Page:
Evaluating postoperative patient education and related outcomes Balatbat, Paulo; Bryant, Margaret; Wright, Anthony G.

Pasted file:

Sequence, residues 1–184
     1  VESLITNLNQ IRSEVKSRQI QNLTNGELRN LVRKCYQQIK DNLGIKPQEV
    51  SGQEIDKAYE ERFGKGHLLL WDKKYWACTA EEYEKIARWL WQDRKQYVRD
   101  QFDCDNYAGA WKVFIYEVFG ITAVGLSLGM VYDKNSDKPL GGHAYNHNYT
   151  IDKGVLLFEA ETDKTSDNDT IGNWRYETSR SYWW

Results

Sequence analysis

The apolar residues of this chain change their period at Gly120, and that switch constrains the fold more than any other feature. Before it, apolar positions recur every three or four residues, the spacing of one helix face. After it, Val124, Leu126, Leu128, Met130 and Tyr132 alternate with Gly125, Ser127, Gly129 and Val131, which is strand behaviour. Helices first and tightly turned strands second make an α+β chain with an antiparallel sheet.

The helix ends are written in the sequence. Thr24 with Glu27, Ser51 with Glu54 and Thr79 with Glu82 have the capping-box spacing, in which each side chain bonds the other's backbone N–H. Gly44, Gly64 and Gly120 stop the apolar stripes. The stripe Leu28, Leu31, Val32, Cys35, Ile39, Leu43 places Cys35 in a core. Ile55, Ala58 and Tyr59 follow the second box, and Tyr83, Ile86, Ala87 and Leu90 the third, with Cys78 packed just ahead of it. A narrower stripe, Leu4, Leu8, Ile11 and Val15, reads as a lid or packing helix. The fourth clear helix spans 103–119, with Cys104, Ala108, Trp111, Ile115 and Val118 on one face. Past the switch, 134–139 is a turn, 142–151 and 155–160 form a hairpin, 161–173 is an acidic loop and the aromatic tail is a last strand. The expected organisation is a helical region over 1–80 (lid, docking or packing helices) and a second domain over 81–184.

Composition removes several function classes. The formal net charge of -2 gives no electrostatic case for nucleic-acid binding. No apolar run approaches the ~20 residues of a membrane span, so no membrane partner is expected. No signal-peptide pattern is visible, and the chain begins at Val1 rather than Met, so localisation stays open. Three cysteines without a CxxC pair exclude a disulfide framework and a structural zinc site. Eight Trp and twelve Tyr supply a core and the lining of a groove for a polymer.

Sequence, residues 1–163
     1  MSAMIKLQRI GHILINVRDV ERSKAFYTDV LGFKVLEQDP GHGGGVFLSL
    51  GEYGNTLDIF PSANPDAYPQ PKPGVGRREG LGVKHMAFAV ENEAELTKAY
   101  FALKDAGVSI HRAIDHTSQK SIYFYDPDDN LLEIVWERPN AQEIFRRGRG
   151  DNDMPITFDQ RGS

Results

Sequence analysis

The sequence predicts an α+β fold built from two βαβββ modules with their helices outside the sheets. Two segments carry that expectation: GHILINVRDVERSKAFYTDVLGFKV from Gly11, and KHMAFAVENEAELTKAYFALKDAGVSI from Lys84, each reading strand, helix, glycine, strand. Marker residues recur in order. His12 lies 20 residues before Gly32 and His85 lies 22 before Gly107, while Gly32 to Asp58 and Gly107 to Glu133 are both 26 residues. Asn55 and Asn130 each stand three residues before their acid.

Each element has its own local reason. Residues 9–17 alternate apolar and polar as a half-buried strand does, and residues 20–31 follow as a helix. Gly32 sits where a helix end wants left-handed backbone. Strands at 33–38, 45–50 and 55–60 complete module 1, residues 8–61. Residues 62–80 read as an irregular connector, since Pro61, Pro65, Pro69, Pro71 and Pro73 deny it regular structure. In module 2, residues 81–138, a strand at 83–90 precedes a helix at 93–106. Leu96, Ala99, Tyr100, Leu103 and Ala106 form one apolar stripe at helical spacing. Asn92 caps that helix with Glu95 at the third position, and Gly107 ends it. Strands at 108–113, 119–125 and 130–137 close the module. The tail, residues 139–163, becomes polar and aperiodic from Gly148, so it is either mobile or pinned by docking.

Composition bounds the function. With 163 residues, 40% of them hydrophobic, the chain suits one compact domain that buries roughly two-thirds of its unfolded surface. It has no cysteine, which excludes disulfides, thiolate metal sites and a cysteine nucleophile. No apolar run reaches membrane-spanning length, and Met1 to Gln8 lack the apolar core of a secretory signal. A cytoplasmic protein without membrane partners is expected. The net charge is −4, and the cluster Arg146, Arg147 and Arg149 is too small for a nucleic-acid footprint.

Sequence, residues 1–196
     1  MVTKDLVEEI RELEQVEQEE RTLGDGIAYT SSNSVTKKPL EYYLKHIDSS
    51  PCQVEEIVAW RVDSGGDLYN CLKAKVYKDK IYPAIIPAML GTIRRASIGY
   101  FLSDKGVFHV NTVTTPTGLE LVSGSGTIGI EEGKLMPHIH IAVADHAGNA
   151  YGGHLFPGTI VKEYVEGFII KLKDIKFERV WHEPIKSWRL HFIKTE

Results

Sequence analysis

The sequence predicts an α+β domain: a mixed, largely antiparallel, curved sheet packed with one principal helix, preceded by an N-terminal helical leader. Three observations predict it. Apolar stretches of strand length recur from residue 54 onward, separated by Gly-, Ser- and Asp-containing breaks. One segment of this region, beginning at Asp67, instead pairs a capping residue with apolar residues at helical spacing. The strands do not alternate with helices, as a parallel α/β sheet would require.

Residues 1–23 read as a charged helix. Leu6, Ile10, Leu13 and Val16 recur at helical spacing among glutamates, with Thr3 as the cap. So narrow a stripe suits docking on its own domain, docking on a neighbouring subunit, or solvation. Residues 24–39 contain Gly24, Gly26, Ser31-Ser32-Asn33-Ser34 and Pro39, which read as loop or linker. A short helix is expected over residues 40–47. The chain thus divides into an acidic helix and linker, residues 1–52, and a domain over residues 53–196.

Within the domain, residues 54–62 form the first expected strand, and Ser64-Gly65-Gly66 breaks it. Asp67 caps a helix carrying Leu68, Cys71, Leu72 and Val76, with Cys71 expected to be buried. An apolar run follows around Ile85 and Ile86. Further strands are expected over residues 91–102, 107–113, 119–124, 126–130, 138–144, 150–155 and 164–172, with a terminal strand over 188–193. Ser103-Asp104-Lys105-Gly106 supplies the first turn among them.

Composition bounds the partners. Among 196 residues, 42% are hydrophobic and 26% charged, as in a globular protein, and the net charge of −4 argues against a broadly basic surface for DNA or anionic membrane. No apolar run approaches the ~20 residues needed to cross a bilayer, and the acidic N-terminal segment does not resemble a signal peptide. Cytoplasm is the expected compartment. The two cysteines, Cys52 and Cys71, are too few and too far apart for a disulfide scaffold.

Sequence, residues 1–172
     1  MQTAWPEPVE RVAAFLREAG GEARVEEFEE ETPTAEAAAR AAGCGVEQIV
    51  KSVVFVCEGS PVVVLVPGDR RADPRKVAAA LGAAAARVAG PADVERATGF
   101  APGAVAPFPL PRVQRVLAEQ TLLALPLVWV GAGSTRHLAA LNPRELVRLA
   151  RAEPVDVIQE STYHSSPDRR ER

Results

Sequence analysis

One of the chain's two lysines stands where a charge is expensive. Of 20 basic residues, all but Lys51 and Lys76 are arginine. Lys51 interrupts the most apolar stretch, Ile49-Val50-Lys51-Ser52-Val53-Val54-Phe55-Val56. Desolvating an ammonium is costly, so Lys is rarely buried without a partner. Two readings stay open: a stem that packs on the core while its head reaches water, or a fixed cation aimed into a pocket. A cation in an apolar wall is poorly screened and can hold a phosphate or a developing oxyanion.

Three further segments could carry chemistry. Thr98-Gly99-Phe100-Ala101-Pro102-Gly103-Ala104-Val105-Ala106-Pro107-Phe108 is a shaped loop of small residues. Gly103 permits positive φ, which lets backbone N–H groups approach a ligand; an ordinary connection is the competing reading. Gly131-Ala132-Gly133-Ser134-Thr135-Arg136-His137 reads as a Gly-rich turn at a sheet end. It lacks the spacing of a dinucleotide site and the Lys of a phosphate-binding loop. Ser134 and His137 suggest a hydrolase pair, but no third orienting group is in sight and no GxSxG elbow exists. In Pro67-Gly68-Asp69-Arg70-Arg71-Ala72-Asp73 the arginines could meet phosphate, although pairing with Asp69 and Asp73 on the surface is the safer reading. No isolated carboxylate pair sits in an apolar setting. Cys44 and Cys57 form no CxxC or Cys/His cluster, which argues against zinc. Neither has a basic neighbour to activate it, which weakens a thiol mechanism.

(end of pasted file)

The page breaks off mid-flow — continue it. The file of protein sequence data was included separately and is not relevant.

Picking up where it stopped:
We conducted the project based on the importance of adequate postoperative teaching and the need to constantly re-evaluate and improve it. In addressing possible complications after surgery, postoperative education is essential to provide patients with the following information: (1) appropriate self-management at home after discharge, (2) reducing the occurrence of symptoms and complications after discharge, and (3) enhancing recovery and overall quality of life (Fredricks, Guruge, Sidani, Wan, 2010).Given that postoperative education has a substantial impact on improving the general state of surgical patients after discharge, it is important to explore existing gaps and areas of improvement within our area of study – the Short Stay Surgical Unit (1S) at UBC hospital. With regards to the National Surgical Quality Improvement Program (NSQIP) survey that was administered within 1S from October 2011 to March 2012, several components related to discharge education were rated within the Lowest Percent Positive Scores (ie. areas for improvements). According to the patients who participated in the NSQIP survey, topics that seemed to warrant the need for reinforcement included the following discussions: when to resume normal activities, medication side effects, and danger signals to watch for. Similarly, another study which involved total hip replacement (THR) and total knee replacement (TKR) surgeries identified unexpected challenges for which patients felt inadequately prepared for: sleep disturbance and psychological concerns such as mood changes and increased stress (Westby, & Backman, 2010). Thus, we aimed to create and administer a patient satisfaction survey which addressed the gaps from NSQIP survey, while examining topics which are currently not part of discharge education at S1: sleep disturbance and psychological issues. The satisfaction survey was conducted using post-op total hip and knee replacement surgery patients from the Short Stay Surgical Unit (1S) at the UBC Hospital.
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